US construction equipment exports fall again

By Chris Sleight28 September 2015

Exports of US-made construction equipment declined -17% for the first half of 2015 compared to the same period last year, according to the US-based Association of Equipment Manufacturers (AEM), citing US Department of Commerce data. The total value of exports came to US$ 7.4 billion in the first half of the year.

The AEM said sales to all regions of the world declined in the first half of the year, led by Africa, where sales of US-made construction equipment fell -44% to US$ 385 million. Latin America also saw a steep drop-off, with the value of equipment sold to South America falling -23% to US$ 990 million, while exports to Central America were down -21% to US$ 748 million.

Elsewhere in the world, exports to Asia were down -11% to US$ 923 million, Australia/Oceania dropped -10% to US$ 417 million and Europe was down -14% to US$ 878 million. Canada, the largest export market for US construction equipment manufacturers was down -12% to US$ 3.1 billion.

AEM director of market intelligence, Benjamin Duyck, said, “The second quarter of 2015 marked the 10th consecutive quarter that US construction equipment exports experienced year over year declines and the 7th consecutive quarter that imports rose. While exports decreased for every major region, the only equipment category we noticed some export growth in were generator sets.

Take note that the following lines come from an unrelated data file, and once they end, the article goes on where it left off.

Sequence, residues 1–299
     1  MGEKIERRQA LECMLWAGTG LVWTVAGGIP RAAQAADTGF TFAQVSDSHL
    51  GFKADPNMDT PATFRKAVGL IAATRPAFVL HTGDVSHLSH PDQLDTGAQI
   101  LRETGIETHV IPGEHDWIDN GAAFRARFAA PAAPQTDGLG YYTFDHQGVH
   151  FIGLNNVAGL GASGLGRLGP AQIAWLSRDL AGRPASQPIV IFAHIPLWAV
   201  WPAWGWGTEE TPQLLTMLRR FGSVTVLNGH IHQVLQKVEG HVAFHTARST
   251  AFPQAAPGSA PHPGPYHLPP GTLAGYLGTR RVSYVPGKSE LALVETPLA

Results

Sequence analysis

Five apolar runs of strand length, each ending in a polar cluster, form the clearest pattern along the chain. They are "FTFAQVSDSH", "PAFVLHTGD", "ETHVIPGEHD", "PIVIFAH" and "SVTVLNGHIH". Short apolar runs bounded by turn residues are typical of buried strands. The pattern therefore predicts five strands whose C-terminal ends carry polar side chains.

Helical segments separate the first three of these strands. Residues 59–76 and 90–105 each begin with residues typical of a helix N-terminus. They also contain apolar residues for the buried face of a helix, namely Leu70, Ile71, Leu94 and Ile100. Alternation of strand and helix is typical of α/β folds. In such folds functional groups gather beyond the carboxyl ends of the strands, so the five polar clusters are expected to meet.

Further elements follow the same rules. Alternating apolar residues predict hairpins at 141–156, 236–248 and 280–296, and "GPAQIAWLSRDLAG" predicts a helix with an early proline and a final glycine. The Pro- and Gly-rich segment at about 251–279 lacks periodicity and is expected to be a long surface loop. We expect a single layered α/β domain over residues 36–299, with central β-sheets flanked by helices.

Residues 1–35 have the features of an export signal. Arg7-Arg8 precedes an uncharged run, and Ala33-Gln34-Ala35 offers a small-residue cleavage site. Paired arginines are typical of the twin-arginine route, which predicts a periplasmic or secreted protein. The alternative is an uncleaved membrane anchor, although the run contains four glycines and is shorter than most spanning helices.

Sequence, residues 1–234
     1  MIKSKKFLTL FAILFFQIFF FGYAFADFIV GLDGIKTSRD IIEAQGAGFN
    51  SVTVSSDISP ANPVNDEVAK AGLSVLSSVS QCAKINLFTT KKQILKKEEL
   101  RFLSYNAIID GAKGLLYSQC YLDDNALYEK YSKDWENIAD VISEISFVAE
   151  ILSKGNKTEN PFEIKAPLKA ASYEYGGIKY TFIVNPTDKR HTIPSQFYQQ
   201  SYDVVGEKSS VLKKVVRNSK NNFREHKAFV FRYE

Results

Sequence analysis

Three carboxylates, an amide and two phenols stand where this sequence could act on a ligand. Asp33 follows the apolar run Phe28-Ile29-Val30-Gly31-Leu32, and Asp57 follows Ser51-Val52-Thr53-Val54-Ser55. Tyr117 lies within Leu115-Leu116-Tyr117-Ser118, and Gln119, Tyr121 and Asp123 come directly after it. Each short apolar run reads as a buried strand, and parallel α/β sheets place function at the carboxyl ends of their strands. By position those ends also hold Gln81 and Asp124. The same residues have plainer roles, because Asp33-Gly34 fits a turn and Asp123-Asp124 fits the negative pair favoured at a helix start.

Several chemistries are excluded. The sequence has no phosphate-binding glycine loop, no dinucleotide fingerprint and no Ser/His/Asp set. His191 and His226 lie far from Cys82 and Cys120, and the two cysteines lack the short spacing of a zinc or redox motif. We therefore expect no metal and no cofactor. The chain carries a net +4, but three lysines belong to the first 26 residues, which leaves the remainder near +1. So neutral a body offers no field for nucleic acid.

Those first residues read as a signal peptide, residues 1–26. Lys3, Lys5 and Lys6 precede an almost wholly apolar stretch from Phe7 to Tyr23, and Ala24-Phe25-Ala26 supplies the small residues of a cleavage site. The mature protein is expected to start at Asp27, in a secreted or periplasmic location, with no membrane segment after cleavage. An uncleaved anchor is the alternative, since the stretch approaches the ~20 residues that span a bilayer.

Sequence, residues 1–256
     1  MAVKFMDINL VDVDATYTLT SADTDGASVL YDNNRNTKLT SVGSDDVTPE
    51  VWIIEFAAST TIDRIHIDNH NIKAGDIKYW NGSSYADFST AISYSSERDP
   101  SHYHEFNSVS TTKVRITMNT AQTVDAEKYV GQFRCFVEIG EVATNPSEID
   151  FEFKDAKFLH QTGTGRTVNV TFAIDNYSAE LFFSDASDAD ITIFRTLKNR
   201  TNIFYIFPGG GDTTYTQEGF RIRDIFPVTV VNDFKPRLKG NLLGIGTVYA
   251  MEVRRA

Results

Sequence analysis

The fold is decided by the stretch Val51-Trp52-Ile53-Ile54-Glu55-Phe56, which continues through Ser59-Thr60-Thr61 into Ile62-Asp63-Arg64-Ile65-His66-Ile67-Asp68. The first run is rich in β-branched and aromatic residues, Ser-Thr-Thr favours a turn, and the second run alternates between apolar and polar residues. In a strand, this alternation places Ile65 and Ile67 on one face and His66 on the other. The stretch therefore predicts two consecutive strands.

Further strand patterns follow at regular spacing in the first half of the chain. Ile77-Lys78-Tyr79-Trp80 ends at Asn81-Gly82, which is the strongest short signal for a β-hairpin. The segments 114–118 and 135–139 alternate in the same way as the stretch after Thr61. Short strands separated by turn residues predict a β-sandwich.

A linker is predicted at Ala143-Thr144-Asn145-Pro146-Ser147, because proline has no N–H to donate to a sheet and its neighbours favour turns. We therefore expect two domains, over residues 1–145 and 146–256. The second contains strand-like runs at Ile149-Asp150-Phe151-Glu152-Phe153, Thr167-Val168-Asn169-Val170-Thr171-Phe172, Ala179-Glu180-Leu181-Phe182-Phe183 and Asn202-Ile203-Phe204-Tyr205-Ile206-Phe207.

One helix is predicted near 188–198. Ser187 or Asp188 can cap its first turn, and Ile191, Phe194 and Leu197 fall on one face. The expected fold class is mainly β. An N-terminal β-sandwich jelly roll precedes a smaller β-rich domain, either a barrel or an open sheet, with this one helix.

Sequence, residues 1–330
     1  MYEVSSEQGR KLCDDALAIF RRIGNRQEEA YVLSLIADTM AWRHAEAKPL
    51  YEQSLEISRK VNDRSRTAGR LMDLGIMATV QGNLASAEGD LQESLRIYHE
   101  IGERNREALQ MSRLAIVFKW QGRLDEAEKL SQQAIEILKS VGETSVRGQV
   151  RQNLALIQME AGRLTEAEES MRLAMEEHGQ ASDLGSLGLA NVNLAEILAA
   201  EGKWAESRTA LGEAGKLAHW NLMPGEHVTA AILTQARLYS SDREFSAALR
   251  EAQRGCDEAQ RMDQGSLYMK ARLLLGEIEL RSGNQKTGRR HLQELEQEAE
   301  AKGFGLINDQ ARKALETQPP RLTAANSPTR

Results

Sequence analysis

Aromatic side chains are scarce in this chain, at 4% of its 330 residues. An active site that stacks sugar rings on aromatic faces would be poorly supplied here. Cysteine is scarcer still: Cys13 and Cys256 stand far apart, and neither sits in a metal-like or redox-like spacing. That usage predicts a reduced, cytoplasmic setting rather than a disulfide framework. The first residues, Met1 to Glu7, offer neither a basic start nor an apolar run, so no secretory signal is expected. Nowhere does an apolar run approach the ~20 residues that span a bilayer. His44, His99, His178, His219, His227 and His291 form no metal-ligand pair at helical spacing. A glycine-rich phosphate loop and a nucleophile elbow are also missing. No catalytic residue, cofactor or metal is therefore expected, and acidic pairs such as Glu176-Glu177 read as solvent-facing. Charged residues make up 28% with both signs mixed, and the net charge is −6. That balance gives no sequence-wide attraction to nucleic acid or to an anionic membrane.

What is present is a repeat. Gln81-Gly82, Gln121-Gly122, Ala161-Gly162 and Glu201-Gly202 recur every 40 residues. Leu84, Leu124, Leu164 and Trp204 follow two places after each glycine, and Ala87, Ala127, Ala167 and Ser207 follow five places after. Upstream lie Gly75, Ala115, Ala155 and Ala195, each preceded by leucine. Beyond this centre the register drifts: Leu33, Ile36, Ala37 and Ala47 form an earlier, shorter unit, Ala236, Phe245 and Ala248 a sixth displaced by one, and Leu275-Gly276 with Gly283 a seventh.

“While the US market remains stable overall (there are some areas affected by the lower oil prices), the US trade balance for our industry continues to slump. It is hard to pinpoint the exact cause of this situation, as there are many issues at play here.

“First of all, a stronger US dollar is making US manufacturers less competitive. In September 2015, the Broad Weighted Trade Index for the US Dollar, provided to us by the Board of Governors of the Federal Reserve, had grown +18.2% compared to January 2014 and +21.5% compared to January 2013.

“A second issue is the global deterioration of demand due to cyclical and structural issues. As investment is flowing from the emerging markets back to the developed western nations, demand for construction equipment travels with it. While not all emerging markets are hit evenly, we can expect the current Chinese downturn to have effect on our markets also. Naturally, shifts in investments allow for growth elsewhere.”

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